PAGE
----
Like a modern-day Aesop or La Fontaine, Sedaris has his darkly comic and deeply cynical (if somewhat rambling) morality stories enacted by animals. Although Sedaris typically narrates his works solo, here he is joined by Dylan Baker, Siân Phillips, and (the incomparable) Elaine Stritch. The dry tones of both women are particularly well suited to the knowing commentary offered by various domesticated, barnyard, and wild animals on casual racism, self-congratulatory sanctimony, poor excuses for adultery, and fad spiritualism, among other common societal ills. The audiobook features a bonus fable not available in the text version of the book; in addition, the third CD includes PDFs of the book's illustrations by Ian Falconer (writer/illustrator of the Olivia picture book series). A Little, Brown hardcover. (Sept.)
Carolyn Kellogg
Wickedly funny....These are some of Sedaris's best stories...The animals have given Sedaris's humor some new teeth: tiny and sharp, and sometimes even ready to draw blood.
Los Angeles Times
Chris Jones
Wry and amusing.
Chicago Tribune
Craig Wilson
Great fun.
USA Today
Heller McAlpin
Outrageous....Wonderful...Sedaris's anthropomorphized creatures may seem domesticated, but this book, like his more familiar essays, is...wildly inspired—and a rip-roaring hoot.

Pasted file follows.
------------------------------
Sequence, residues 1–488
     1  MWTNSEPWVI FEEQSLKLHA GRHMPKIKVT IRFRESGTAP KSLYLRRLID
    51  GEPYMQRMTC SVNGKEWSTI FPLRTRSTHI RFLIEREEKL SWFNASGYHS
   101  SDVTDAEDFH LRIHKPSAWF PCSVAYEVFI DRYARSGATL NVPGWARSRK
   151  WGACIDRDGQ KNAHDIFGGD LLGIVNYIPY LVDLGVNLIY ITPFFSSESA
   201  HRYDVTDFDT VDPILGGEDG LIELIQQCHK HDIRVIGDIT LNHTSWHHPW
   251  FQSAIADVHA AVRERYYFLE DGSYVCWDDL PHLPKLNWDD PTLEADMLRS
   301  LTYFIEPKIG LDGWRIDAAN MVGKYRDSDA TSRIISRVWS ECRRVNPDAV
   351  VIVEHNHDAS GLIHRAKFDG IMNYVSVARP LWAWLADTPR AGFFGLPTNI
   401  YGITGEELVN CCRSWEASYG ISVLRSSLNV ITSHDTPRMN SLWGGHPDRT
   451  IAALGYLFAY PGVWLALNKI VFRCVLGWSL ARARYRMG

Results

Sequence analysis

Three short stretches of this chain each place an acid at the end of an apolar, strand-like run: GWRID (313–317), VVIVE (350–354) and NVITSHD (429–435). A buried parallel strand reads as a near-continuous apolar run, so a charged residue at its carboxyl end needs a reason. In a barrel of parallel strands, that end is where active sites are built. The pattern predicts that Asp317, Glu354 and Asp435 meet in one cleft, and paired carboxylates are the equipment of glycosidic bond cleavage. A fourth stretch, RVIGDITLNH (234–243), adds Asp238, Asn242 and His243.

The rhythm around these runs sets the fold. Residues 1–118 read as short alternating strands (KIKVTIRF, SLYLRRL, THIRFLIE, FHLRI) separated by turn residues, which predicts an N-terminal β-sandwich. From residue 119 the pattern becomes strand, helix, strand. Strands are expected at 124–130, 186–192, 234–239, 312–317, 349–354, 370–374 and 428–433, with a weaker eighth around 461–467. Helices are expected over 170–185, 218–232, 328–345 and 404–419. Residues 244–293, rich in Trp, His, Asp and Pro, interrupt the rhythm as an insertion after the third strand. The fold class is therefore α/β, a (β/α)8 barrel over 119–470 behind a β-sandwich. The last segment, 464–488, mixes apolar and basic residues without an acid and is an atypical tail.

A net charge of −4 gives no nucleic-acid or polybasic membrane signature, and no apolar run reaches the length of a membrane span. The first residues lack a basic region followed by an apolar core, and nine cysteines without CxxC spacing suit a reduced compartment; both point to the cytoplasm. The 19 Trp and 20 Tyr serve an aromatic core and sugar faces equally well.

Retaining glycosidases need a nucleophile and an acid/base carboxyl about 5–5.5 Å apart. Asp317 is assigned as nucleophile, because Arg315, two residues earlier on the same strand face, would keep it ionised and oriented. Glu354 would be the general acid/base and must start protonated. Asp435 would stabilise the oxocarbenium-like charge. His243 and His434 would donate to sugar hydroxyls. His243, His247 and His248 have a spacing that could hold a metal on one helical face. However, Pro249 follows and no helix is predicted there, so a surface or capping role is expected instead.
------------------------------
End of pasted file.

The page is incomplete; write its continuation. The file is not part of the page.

NPR
Leah Greenblatt
For the strong-stomached, these tales are toxic little treats, fun-sized Snicker bars with a nougaty strychnine center.
Entertainment Weekly
Raleigh News & Observer
"The funniest man on the planet."
From the Publisher
"Outrageous....Wonderful...Sedaris's anthropomorphized creatures may seem domesticated, but this book, like his more familiar essays, is...wildly inspired—and a rip-roaring hoot."—Heller McAlpin, NPR

"Wickedly funny....These are some of Sedaris's best stories...The animals have given Sedaris's humor some new teeth: tiny and sharp, and sometimes even ready to draw blood."—Carolyn Kellogg, Los Angeles Times

"Wry and amusing."—Chris Jones, Chicago Tribune

"For the strong-stomached, these tales are toxic little treats, fun-sized Snicker bars with a nougaty strychnine center."—Leah Greenblatt, Entertainment Weekly

"Great fun."—Craig Wilson, USA Today

"The funniest man on the planet."—Raleigh News & Observer

Leah Greenblatt - Entertainment Weekly
"For the strong-stomached, these tales are toxic little treats, fun-sized Snicker bars with a nougaty strychnine center."
Craig Wilson - USA Today
"Great fun."
Carolyn Kellogg - Los Angeles Times
"Wickedly funny....These are some of Sedaris's best stories...The animals have given Sedaris's humor some new teeth: tiny and sharp, and sometimes even ready to draw blood."
Chris Jones - Chicago Tribune
"Wry and amusing."
Heller McAlpin - NPR
"Outrageous....Wonderful...Sedaris's anthropomorphized creatures may seem domesticated, but this book, like his more familiar essays, is...wildly inspired--and a rip-roaring hoot."